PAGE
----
PEN American Center has extended the deadline for the 2014 PEN/Bellwether Prize for Socially Engaged Fiction, a biennial award of $25,000 given for an unpublished novel that “addresses issues of social justice and the impact of culture and politics on human relationships.” The new deadline is January 15.
U.S. writers who have had at least four publications (including single short stories or essays) are eligible. If a writer has previously published a book, it must not have sold more than 10,000 copies. Using the online submission system, writers may submit a manuscript of at least 80,000 words with a résumé or curriculum vitae and a $25 entry fee. Eligible manuscripts may not be under consideration by a publisher.
Sponsored by the New York City–based literary advocacy and social justice organization PEN American Center, the Bellwether Prize was established in 2000 by novelist, essayist, and poet Barbara Kingsolver, who also funds the prize. Kingsolver is the author of fourteen books, including The Poisonwood Bible (Harper, 1998) and most recently, Flight Behavior (HarperCollins, 2012). In addition to the cash prize, the winner of the Bellwether Prize also receives a publishing contract with Algonquin Books. The winning manuscript will be chosen by a panel of three judges, including one editor representing Algonquin and two distinguished literary authors selected by PEN’s Literary Awards Committee in consultation with Barbara Kingsolver. The prize will be presented at PEN’s annual Literary Awards Ceremony in New York City in the fall of 2014.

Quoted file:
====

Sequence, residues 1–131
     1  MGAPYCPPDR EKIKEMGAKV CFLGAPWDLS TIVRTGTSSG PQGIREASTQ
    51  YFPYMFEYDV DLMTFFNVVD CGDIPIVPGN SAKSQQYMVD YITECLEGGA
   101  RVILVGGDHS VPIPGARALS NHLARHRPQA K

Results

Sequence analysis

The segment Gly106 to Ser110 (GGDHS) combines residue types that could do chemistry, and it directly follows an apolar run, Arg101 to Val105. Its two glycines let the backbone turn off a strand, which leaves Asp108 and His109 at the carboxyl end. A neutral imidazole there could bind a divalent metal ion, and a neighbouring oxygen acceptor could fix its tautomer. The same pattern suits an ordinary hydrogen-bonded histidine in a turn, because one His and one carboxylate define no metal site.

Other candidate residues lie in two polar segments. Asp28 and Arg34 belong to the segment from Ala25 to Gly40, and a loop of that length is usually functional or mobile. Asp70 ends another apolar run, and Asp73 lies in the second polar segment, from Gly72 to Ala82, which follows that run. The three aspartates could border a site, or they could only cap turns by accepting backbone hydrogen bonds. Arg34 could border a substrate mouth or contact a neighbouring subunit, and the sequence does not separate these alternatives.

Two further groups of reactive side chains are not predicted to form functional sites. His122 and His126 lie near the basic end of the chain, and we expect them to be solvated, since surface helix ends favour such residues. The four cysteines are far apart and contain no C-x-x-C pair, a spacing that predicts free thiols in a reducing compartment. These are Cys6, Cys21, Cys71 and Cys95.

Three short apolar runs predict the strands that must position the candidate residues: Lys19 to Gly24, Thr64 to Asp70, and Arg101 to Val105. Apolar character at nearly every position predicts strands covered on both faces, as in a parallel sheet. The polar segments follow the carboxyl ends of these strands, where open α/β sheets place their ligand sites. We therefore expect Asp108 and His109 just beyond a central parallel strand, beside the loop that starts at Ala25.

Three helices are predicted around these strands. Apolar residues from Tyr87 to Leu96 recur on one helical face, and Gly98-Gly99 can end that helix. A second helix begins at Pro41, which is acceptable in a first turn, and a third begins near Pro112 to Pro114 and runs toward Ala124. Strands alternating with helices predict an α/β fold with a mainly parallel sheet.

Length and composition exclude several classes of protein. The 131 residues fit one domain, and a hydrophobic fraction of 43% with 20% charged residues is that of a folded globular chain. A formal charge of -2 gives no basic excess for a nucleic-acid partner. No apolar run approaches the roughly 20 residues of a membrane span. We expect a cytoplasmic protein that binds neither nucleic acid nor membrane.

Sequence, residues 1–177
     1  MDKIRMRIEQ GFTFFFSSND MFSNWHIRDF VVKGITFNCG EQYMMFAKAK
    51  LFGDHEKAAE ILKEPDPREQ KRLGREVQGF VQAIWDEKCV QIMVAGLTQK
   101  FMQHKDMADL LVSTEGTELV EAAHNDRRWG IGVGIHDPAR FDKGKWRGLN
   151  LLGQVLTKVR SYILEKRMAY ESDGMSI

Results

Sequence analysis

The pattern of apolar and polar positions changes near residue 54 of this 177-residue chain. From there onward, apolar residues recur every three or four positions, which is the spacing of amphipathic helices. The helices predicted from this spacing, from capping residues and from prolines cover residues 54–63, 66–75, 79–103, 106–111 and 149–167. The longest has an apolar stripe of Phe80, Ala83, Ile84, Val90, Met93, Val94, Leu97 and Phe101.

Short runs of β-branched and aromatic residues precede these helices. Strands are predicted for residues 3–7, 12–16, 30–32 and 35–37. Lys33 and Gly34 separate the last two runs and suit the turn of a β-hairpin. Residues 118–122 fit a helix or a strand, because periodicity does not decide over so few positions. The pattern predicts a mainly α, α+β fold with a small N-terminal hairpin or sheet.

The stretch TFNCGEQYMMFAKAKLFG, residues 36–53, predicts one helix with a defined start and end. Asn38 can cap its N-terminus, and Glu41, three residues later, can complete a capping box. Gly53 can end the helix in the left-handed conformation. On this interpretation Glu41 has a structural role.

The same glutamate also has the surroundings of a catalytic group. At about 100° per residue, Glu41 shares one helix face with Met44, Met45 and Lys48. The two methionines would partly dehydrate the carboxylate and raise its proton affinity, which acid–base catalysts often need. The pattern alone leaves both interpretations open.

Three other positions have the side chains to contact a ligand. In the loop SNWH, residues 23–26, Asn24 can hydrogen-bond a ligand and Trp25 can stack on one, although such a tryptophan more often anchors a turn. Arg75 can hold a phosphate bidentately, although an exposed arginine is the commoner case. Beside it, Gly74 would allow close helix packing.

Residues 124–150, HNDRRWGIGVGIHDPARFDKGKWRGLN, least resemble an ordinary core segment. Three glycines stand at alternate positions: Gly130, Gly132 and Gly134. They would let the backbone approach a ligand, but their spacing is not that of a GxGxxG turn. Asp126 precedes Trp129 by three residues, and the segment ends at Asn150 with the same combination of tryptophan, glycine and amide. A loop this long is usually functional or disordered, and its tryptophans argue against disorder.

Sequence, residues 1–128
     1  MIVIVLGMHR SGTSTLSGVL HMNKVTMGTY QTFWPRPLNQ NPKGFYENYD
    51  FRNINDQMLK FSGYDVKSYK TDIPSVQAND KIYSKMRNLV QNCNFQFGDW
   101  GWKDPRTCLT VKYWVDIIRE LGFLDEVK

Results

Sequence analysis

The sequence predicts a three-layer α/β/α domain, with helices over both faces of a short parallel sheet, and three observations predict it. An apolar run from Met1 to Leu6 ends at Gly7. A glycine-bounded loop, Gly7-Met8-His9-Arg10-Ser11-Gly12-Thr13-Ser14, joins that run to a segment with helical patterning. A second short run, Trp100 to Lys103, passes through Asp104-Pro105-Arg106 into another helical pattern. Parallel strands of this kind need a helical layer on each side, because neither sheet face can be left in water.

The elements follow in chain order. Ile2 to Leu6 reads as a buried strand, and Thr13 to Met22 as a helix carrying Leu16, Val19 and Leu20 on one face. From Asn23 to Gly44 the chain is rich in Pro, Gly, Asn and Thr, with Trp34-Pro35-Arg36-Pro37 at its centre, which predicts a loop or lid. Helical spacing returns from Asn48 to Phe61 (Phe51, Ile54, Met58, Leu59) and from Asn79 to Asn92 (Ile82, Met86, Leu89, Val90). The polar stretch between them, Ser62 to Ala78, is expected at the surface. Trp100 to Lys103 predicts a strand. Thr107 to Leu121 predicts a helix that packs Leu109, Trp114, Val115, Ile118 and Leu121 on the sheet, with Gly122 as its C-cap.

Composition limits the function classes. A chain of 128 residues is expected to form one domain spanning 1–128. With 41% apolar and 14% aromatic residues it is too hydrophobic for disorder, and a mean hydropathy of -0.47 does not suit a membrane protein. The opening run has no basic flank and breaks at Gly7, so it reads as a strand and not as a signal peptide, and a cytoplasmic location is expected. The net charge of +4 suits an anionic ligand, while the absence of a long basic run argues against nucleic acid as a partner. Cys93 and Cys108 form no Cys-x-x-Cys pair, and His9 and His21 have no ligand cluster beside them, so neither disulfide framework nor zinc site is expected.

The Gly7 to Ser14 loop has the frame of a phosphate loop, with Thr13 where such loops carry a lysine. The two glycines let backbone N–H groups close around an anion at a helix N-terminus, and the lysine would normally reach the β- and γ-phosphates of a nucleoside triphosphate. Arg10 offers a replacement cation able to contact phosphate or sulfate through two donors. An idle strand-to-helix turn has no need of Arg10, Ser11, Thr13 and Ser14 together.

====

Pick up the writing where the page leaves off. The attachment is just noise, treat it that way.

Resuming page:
Past Winners of the prize include Donna Gershten in 2000 for Kissing the Virgin’s Mouth (HarperCollins), Gayle Brandeis in 2002 for The Book of Dead Birds (HarperCollins), Marjorie Kowalski Cole in 2004 for Correcting the Landscape (HarperCollins), Hillary Jordan in 2006 for Mudbound (Algonquin Books), Heidi W. Durrow in 2008 for The Girl Who Fell From the Sky (Algonquin Books), Naomi Benaron in 2010 for Running the Rift (Algonquin Books), and Susan Nussbaum in 2012 for Good Kings Bad Kings (Algonquin Books).
Visit the PEN American Center website for complete guidelines.
Photo credit: David Wood